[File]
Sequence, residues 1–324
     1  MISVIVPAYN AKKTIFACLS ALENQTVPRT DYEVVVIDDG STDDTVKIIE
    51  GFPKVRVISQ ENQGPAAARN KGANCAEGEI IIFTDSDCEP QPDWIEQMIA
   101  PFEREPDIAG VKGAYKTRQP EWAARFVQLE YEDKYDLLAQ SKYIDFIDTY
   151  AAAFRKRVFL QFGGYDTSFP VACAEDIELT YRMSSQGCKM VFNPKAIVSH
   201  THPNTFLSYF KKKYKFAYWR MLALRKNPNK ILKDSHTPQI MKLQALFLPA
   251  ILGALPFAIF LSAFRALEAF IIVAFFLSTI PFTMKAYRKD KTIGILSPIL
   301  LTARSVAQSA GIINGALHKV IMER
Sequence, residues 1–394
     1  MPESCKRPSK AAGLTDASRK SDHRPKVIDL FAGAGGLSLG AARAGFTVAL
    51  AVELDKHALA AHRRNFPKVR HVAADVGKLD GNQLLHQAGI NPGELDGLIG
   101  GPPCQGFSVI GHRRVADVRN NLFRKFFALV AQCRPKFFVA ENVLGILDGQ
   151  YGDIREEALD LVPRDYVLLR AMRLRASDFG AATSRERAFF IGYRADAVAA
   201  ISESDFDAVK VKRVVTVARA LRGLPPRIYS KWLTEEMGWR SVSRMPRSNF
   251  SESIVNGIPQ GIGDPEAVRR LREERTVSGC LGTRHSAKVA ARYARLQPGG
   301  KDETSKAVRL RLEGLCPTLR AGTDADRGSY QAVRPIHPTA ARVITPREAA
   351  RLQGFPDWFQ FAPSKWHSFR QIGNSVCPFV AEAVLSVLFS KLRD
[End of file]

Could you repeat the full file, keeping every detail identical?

Sequence, residues 1–324
     1  MISVIVPAYN AKKTIFACLS ALENQTVPRT DYEVVVIDDG STDDTVKIIE
    51  GFPKVRVISQ ENQGPAAARN KGANCAEGEI IIFTDSDCEP QPDWIEQMIA
   101  PFEREPDIAG VKGAYKTRQP EWAARFVQLE YEDKYDLLAQ SKYIDFIDTY
   151  AAAFRKRVFL QFGGYDTSFP VACAEDIELT YRMSSQGCKM VFNPKAIVSH
   201  THPNTFLSYF KKKYKFAYWR MLALRKNPNK ILKDSHTPQI MKLQALFLPA
   251  ILGALPFAIF LSAFRALEAF IIVAFFLSTI PFTMKAYRKD KTIGILSPIL
   301  LTARSVAQSA GIINGALHKV IMER
Sequence, residues 1–394
     1  MPESCKRPSK AAGLTDASRK SDHRPKVIDL FAGAGGLSLG AARAGFTVAL
    51  AVELDKHALA AHRRNFPKVR HVAADVGKLD GNQLLHQAGI NPGELDGLIG
   101  GPPCQGFSVI GHRRVADVRN NLFRKFFALV AQCRPKFFVA ENVLGILDGQ
   151  YGDIREEALD LVPRDYVLLR AMRLRASDFG AATSRERAFF IGYRADAVAA
   201  ISESDFDAVK VKRVVTVARA LRGLPPRIYS KWLTEEMGWR SVSRMPRSNF
   251  SESIVNGIPQ GIGDPEAVRR LREERTVSGC LGTRHSAKVA ARYARLQPGG
   301  KDETSKAVRL RLEGLCPTLR AGTDADRGSY QAVRPIHPTA ARVITPREAA
   351  RLQGFPDWFQ FAPSKWHSFR QIGNSVCPFV AEAVLSVLFS KLRD